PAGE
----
Last week, I was invited to Dubai to cover the 2018 World Government Summit. WGS, as it’s known, is a global gathering of thinkers, innovators and policymakers designed to explore how governments can best leverage technology to solve the world’s biggest challenges.
WGS is a uniquely Emirati creation — the UAE hosts the only Ministry of Happiness and Tolerance, and is relentlessly committed to using technology and innovation to improve its citizens’ lives.
For three days, I met with some of the most transformative leaders from across the world. These were bold thinkers and doers who want to shape the future, not to be shaped by it. They tackled questions about medicine and mental health, gender equality, climate change, safety and security, job automation and financial inclusion, and everything else that modern governments are concerned about.
Most striking, I found, were the women leaders I met — strong women who are catalysts for change and transformation in every industry imaginable, committed to helping build a better future for the people of the countries, and of the world.
I sat down with two of those inspiring women to ask about their paths, their success and their conception of what it means to be a woman leader.
Maha Abouelenein is one of them. As an Egyptian-American communications consultant who runs the consultancy and blog digitalandsavvy.com, she also formerly ran Google’s Communications in the Middle East and North Africa. She’s also the co-Chair of the US Chamber of Commerce’s Corporate Governance Committee.
I also had the pleasure of interviewing Arianna Huffington, the co-founder and editor-in-chief of The Huffington Post, now owned by AOL. Arianna is also the author of the bestselling book “The Sleep Revolution” and founder of Thrive Global, a media platform with a mission to end the stress and burnout epidemic by offering companies and individuals sustainable science-based solutions to enhance both well-being and performance.
Here’s what Arianna and Maha had to say:
Beth Doane: What facets of your personality do you think have most contributed to where you are today?
Maha Abouelenein: I think confidence is a big facet that has contributed to where I am today. If I didn’t feel confident, I wouldn’t have been able to be where I am today. I feel that being confident is what allows you to take on any challenge or mission because it means you are able to adapt, pivot, lead and conquer.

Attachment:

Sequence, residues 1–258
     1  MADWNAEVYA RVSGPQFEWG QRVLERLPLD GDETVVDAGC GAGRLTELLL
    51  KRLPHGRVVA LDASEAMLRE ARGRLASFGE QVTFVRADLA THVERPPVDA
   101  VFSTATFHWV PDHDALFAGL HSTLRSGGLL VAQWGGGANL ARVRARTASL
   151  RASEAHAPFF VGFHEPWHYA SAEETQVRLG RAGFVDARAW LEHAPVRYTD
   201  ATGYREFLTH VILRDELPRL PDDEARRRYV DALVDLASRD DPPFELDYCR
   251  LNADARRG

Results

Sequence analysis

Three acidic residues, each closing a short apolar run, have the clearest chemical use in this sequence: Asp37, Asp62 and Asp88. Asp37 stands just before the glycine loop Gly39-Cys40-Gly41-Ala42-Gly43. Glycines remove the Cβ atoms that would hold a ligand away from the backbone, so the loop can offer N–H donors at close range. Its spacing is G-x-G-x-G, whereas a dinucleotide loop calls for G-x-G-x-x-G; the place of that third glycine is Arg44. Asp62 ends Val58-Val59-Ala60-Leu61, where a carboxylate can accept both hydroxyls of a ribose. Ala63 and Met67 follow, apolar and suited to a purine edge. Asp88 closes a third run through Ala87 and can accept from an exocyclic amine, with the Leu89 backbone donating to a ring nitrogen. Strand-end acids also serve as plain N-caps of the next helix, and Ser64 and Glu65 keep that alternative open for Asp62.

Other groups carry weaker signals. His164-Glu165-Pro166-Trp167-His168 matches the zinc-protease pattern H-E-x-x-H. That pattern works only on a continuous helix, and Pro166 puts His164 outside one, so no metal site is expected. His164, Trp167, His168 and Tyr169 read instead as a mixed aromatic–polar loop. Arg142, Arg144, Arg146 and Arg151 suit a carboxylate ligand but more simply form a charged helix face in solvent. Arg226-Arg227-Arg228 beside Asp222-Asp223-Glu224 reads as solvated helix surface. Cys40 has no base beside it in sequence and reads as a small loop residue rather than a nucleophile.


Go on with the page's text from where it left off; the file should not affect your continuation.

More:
BD: You’re at a crossroads in either life or your career. How do you know which path to take?
Arianna Huffington: Right now we’re living under a collective delusion that we have to choose between burning out or not being successful. Everybody is affected by this delusion, but women pay the highest price. Given that even when they’re working women are usually doing more work outside the workplace, this is a backdoor way of excluding women or at least making it harder for them to advance. That’s one more reason why it’s so important to change this culture of burnout.
My advice is, first, is to prioritize your own well-being. Not only will you be better at your job, you’ll be more effective in all that you have to do outside your job. It’s like what they say on airplanes: put on your own oxygen mask before helping others.
Next, I would say that as you progress in your career, in addition to looking forward to the next step, look around where you are right now and see what you can do to change the definition of success to empower and enable the women coming after you, so they won’t have to make this choice between burnout and not advancing. If we’re going to change this culture of burnout, it’s going to be women who take the lead.
MA: I trust my gut. Always trust your gut. And don’t be afraid to try things that make you uncomfortable because that is where the growth happens. I am a huge believer in challenging yourself and when two paths present themselves. Take the one that makes you nervous, because that’s the path that will lead to growth.
Right now we’re living under a collective delusion that we have to choose between burning out or not being successful. Everybody is affected by this delusion, but women pay the highest price.
BD: How do you define success?
MA: Success is about being able to do something you love everyday and feel that you are adding value. Its self-defined and something that only you can measure.
AH: Living a life filled with well-being, wisdom, wonder and the power of giving.
BD: As women move forward and continue achieving top-level positions, what do you hope to see more of?
MA: I hope to see women continue to contribute to society at all levels and to lead in roles that allow them to bring a different perspective to the table.
AH: I want to see more women helping women – both directly through things like mentorship and recruitment, and indirectly though working for systemic change that will make advancement easier for women who come up after us.
BD: To me, being a woman means:
AH: Leading. Helping other women. Connecting.
To learn more about the summit and some of the powerful speakers and topics discussed visit: www.worldgovernmentsummit.org
Images via World Government Summit